Hua Hsu Interview
Hua Hsu is a staff writer at The New Yorker and a professor of literature at Bard College. Hua serves on the executive board of the Asian American Writers’ Workshop. He was formerly a fellow at the New America Foundation and the Dorothy and Lewis B. Cullman Center at the New York Public Library. He is the author of Stay True, “a gripping memoir on friendship, grief, the search for self, and the solace that can be found through art.”
How did you get to where you are today, professionally?
I started off in high school writing for the school paper and making zines. Actually, making zines began as a hedge in case I didn’t make the paper, which was slightly more competitive than you would think. The zine, initially, was just a way to figure out who I was and scam some free records. I believe the first issue had screeds against 90210 and chemical bioweapons (the result of my third high school passion, policy debate) and articles about Pavement, the Jesus and Mary Chain and Royal Trux. I’m not sure I actually liked Royal Trux at the time, despite the passionate kudos I gave them, mimicking the NME/Melody Makers I would buy at my local bookstore.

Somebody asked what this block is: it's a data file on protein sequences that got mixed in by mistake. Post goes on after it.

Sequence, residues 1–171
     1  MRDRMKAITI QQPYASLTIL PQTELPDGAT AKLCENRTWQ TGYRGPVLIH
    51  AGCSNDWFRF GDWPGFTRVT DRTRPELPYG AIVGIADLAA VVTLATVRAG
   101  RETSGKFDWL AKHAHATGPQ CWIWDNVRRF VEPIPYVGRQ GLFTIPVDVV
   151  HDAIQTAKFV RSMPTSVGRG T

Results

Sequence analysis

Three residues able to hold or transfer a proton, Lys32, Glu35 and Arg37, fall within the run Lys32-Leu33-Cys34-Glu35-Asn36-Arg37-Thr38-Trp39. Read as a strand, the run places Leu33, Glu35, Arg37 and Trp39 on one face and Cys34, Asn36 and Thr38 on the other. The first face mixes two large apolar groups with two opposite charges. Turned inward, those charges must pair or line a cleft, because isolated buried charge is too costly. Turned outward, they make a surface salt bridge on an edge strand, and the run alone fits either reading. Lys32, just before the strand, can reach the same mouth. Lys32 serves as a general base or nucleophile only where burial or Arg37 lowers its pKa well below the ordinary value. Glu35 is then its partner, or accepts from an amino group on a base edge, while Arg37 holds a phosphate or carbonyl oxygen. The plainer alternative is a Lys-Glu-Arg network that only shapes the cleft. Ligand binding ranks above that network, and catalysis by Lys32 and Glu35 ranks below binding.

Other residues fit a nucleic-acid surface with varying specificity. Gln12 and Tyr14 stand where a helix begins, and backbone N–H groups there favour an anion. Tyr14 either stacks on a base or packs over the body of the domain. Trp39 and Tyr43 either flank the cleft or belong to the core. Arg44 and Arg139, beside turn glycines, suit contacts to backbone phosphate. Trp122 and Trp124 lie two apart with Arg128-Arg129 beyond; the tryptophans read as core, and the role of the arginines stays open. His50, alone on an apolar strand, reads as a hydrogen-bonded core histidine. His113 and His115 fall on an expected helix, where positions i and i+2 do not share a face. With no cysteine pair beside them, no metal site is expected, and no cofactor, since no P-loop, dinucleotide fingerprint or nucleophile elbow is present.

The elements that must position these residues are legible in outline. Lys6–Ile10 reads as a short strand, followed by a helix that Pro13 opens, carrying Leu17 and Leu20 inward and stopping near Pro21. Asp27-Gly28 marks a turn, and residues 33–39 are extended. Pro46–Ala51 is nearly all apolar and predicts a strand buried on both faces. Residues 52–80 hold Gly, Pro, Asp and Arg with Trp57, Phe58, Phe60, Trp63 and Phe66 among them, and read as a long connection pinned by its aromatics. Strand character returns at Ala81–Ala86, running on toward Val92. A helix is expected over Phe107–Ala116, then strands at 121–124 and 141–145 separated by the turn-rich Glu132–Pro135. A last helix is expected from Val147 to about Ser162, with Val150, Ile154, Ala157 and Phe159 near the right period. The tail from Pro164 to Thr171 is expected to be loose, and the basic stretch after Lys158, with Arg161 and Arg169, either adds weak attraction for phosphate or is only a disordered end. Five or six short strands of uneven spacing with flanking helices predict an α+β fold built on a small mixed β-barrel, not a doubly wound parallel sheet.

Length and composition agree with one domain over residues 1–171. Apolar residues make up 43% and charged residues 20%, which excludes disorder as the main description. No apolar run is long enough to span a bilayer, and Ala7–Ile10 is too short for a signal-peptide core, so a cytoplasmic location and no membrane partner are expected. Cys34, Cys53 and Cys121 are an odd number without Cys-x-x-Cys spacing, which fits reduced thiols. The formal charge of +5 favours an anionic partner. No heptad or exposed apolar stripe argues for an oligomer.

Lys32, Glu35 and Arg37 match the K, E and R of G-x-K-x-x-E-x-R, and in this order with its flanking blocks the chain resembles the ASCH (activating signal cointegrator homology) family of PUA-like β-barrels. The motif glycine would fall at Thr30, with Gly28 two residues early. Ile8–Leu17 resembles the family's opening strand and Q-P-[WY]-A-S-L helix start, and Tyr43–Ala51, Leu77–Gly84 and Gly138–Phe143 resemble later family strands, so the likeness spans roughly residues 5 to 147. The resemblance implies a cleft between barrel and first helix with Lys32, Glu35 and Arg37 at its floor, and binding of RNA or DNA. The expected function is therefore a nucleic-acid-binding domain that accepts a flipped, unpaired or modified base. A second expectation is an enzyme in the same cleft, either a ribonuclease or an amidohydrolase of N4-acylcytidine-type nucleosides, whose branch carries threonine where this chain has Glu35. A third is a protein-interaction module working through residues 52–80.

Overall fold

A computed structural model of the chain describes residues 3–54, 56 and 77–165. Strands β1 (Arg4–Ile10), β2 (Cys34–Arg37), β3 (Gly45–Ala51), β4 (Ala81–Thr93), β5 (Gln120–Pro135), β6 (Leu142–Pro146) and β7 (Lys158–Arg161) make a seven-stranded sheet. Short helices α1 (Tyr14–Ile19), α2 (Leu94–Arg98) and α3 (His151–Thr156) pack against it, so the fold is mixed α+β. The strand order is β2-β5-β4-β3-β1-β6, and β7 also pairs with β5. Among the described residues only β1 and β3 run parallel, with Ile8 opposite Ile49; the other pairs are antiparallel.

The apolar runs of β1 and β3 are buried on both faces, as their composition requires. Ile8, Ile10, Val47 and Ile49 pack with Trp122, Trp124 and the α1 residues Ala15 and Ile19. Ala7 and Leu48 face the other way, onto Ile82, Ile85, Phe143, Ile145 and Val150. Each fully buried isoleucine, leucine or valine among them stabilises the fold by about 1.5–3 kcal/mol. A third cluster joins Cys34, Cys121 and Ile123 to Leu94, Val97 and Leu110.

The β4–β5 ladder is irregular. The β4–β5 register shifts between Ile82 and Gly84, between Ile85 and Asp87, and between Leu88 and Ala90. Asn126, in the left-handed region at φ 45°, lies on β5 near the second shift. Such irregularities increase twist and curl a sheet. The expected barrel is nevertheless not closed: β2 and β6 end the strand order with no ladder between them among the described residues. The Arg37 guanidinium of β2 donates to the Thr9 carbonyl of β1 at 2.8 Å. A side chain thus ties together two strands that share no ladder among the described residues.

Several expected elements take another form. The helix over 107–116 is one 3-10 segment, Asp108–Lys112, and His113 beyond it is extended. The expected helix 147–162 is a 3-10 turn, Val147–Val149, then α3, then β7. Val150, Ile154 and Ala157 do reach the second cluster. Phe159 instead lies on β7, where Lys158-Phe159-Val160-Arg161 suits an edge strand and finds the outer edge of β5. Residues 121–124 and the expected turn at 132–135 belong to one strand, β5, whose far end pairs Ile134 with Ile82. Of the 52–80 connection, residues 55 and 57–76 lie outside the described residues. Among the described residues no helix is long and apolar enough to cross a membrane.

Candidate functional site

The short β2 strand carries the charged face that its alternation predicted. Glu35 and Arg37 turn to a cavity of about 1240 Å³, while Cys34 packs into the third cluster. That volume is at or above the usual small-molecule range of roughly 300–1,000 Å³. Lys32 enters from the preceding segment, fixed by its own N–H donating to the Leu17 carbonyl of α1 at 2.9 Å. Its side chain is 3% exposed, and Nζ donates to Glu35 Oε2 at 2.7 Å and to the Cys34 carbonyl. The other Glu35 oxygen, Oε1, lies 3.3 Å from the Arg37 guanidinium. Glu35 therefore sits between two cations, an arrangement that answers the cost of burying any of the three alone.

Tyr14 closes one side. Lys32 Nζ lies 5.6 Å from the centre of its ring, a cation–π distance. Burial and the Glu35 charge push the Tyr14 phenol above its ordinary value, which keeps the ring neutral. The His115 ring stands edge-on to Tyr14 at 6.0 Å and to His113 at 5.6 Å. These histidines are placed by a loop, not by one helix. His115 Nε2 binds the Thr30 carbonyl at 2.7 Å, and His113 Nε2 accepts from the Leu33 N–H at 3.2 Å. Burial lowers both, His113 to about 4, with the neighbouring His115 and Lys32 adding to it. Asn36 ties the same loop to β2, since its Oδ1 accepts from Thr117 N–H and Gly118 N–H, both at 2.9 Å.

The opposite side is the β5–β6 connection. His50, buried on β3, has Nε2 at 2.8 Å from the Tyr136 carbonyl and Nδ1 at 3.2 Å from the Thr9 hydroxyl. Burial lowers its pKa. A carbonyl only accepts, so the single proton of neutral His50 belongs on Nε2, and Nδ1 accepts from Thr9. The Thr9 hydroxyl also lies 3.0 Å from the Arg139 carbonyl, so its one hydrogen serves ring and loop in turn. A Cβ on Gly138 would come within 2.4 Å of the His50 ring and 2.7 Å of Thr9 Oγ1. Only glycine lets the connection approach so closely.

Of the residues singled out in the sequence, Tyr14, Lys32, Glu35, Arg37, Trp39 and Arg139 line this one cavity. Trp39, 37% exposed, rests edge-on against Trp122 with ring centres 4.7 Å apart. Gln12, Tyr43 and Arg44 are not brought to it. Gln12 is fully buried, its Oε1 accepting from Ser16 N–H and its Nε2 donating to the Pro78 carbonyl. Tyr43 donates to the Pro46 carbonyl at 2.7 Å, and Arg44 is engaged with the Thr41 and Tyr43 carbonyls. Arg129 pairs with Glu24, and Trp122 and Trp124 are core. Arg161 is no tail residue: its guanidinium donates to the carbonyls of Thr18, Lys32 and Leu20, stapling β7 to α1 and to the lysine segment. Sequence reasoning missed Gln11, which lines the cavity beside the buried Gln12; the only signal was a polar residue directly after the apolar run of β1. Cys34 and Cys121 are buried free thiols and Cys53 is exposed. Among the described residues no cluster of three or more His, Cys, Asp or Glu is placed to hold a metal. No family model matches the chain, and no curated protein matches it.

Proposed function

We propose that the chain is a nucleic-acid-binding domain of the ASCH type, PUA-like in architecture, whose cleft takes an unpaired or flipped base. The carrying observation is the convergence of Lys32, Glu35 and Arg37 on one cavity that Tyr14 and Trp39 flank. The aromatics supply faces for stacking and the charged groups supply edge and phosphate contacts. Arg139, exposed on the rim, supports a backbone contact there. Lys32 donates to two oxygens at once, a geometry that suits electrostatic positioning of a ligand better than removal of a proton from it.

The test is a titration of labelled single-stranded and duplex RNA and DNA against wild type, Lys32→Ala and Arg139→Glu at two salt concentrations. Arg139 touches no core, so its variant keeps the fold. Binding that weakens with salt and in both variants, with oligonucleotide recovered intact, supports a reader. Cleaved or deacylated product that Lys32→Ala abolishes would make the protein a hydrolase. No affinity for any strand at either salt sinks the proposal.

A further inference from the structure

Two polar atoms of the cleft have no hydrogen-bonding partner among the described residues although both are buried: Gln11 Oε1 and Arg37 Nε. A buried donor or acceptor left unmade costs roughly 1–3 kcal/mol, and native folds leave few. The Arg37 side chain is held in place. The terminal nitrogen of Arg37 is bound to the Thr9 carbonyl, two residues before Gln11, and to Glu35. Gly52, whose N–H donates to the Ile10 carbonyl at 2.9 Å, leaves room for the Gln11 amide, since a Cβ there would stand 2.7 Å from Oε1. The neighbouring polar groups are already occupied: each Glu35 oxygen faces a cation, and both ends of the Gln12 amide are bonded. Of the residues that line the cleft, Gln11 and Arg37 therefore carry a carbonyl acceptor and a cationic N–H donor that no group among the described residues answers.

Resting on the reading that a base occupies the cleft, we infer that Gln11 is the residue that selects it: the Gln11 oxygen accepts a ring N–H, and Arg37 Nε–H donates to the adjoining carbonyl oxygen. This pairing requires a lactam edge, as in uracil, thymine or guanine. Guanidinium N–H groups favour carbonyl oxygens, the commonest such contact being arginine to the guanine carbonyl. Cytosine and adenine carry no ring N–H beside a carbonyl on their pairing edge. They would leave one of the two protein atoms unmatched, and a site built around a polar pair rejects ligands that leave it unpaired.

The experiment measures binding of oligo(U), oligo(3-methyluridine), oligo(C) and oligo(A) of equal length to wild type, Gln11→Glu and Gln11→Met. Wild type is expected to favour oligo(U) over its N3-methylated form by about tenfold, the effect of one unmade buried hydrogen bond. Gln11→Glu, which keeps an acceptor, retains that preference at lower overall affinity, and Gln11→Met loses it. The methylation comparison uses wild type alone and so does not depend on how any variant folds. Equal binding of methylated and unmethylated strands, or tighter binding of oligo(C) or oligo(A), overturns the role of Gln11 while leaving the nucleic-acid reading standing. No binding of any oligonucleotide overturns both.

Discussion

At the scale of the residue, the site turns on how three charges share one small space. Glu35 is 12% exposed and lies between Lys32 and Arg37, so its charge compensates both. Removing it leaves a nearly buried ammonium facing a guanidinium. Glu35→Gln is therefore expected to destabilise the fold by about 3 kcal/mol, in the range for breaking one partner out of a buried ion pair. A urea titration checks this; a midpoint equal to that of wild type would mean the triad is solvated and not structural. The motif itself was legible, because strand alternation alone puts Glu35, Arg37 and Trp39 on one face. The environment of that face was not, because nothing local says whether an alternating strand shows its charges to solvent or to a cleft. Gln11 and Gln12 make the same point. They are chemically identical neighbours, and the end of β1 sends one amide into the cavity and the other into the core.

I had no real dreams of becoming a “professional journalist.” In high school, a writer from Rolling Stone came for career day and made the job sound incredible and also incredibly hard to get. In college, I did not make the school paper and that was fine, I was more immersed in the world of zines, and the campus Asian American magazines, my dream was to one day publish a single piece of writing for the San Francisco Bay Guardian (the Bay equivalent of the Village Voice) on my way to some conventional career as a researcher or lawyer. I’m not being falsely modest when I don’t think I exhibited any real “voice” or insight in my writing back then. Even now I think my “style” is pretty derivative of a few people I grew up reading, though, now that I’m older, I’ve ranged out to want to mimic effect rather than rhythm.